Everyone is denying everything.
By Don Quijones, Spain & Mexico, editor at WOLF STREET.
Judging by the slow-motion meltdown of a growing number of large banks in Europe, including Deutsche Bank (in the IMF’s words, the “world’s most important net contributor to systemic risks”), confidence in their solvency is evaporating. And the denial and blame games have begun.
Deutsche Bank CEO John Cryan denied any need to raise capital or ask for a bailout. That was followed by furious denials from Mario Draghi that the ECB’s low rates are partly responsible for Deutsche Bank’s current woes. Roughly half of all of Deutsche’s profits have traditionally come from loan interest; now, thanks to the madcap negative-interest-rate policies, that source of income is disappearing.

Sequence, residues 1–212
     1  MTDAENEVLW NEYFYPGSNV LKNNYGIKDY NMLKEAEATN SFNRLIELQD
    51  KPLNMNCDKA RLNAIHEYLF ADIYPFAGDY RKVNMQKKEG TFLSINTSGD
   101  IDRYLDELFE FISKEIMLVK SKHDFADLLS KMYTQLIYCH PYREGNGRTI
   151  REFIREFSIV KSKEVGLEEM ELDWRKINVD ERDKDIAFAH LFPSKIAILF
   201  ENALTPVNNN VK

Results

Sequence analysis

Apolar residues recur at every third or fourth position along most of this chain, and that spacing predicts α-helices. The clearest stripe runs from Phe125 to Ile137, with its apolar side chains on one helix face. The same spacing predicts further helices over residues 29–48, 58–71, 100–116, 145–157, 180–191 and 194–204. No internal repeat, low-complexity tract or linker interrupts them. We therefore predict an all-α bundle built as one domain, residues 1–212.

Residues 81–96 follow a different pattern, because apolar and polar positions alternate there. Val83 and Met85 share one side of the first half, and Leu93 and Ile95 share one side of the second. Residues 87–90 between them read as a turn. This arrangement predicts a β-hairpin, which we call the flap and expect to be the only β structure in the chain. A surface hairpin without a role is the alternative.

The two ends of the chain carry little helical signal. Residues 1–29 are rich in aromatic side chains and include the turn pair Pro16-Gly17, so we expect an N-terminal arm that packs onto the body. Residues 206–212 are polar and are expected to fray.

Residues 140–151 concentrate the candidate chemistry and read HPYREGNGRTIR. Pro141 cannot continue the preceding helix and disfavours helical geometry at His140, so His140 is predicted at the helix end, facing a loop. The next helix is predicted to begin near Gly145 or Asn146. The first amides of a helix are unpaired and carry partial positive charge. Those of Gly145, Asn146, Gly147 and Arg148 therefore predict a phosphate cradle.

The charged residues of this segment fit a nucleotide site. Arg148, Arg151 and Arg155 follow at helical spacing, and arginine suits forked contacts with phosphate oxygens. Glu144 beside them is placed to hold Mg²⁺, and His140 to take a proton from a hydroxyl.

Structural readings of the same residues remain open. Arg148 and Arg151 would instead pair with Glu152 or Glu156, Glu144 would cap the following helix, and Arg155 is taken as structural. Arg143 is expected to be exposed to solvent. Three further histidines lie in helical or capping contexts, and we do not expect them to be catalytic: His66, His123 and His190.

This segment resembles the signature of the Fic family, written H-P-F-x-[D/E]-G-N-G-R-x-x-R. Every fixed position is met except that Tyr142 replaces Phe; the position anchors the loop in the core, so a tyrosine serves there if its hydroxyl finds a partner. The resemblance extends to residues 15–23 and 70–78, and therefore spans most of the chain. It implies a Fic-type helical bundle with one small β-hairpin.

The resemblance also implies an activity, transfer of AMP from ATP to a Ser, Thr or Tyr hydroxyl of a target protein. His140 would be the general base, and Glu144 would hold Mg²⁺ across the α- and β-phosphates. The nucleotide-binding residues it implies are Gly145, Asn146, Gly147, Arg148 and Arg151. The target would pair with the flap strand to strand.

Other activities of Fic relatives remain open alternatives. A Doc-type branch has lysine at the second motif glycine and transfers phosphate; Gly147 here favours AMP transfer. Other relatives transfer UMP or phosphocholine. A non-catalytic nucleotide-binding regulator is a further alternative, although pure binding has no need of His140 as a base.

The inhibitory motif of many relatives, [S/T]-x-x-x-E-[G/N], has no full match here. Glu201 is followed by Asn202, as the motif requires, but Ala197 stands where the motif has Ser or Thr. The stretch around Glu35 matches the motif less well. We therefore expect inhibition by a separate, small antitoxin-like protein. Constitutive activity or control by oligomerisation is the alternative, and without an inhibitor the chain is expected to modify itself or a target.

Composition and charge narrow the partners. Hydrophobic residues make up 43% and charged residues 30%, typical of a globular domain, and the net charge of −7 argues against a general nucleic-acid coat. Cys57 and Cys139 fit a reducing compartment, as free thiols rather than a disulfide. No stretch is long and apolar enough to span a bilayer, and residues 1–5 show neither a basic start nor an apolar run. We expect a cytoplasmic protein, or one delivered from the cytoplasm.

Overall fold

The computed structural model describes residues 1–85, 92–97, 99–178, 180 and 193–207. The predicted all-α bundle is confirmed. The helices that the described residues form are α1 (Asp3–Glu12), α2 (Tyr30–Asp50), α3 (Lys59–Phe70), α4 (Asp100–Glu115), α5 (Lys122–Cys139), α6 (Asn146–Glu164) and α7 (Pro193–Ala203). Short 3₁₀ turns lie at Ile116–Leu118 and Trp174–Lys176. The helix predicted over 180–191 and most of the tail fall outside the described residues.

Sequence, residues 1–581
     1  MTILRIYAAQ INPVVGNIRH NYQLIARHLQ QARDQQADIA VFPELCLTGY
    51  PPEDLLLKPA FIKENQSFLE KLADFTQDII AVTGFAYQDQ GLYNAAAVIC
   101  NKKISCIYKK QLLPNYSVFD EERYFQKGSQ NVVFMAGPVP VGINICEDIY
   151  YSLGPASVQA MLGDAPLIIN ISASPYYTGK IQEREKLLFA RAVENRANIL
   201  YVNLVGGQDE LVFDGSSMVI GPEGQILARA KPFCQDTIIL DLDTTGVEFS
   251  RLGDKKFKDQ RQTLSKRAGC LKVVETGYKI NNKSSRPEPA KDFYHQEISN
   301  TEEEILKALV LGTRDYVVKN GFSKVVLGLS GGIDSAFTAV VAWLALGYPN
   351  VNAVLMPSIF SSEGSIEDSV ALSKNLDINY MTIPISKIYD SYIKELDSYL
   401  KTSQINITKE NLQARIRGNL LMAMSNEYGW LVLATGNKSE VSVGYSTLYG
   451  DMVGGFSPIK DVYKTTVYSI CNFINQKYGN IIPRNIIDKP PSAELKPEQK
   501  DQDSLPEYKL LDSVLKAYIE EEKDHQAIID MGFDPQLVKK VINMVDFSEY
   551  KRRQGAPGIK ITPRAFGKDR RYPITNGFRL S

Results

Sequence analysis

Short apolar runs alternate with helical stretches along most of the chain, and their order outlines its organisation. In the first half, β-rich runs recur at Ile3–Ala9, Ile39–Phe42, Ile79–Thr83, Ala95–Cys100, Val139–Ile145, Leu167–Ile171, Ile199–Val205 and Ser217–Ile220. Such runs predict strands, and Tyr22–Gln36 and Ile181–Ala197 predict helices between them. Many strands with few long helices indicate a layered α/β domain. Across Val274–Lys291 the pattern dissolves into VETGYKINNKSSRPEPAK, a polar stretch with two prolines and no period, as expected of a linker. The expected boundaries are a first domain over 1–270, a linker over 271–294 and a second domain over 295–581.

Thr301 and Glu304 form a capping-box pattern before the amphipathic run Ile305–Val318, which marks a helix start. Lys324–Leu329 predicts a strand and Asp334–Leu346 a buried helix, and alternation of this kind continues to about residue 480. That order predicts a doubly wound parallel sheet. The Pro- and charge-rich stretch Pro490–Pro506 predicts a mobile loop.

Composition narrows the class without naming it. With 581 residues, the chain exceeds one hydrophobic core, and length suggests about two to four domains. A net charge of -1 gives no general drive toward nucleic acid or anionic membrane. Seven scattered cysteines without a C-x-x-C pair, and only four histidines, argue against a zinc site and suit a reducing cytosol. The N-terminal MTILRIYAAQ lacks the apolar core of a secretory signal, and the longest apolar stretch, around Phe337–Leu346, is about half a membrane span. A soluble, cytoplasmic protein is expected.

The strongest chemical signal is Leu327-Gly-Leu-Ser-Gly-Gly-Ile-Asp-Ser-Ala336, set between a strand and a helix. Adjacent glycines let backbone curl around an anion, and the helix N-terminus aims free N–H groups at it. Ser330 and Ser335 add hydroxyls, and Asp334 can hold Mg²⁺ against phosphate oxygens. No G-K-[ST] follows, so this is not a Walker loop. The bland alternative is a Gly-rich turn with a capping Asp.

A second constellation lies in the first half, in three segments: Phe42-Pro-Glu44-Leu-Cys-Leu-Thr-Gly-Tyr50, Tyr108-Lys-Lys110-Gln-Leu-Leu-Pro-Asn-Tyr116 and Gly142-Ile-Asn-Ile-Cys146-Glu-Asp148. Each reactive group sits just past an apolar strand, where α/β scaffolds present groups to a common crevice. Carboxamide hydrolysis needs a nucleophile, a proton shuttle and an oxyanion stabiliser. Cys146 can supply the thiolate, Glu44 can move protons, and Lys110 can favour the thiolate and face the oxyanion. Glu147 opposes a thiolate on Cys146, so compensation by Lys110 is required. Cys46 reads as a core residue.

But the bank’s spectacular fall from grace — it has lost 90% of its market value since 2007 — is primarily owed to woeful, often criminal mismanagement. Hence, all the fines. As the WSJ’s Paul J Davies writes:
The bank faces all the problems that plague its peers, but it has most of them worse than rivals. Its costs are among the highest, its balance sheet among the most bloated and its longer-term profitability one of the least attractive.
Lies, Damned Lies and Contradictions
Things are so serious and the denials are flowing so thick and fast that many of the main players are contradicting each other — and sometimes even themselves — at just about every turn.
According to Draghi, Deutsche Bank is no longer “systemically important,” despite being assigned that exact same label by the BIS Financial Stability Board, the shadowy group of international financial bodies, finance ministries and central bankers that compiles the list of global systemically important financial institutions (G-SIFIs), in the process enshrining failure as the cornerstone of financial industry success. Its first ever list, which included Deutsche Bank, was published in November 2011, when the board’s chairman was… Mario Draghi.